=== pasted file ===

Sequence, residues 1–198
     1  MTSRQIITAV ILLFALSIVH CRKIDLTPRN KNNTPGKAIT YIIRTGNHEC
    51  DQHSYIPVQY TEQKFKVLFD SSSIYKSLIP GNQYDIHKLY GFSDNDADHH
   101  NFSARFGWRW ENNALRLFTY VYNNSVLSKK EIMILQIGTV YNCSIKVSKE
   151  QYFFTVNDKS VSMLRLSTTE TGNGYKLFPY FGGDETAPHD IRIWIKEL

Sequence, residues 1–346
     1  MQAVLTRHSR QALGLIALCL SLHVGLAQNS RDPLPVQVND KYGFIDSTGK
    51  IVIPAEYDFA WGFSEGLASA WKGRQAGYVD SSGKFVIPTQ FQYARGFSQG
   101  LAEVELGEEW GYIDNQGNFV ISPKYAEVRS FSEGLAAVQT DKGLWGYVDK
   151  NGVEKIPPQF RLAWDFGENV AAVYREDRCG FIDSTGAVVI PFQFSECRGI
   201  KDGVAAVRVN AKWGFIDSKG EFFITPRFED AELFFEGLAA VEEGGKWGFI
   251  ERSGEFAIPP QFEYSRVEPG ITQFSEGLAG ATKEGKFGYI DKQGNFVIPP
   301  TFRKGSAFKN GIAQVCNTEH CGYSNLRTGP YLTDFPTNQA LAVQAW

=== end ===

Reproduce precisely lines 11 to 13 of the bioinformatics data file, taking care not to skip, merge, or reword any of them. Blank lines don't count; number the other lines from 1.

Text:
   201  KDGVAAVRVN AKWGFIDSKG EFFITPRFED AELFFEGLAA VEEGGKWGFI
   251  ERSGEFAIPP QFEYSRVEPG ITQFSEGLAG ATKEGKFGYI DKQGNFVIPP
   301  TFRKGSAFKN GIAQVCNTEH CGYSNLRTGP YLTDFPTNQA LAVQAW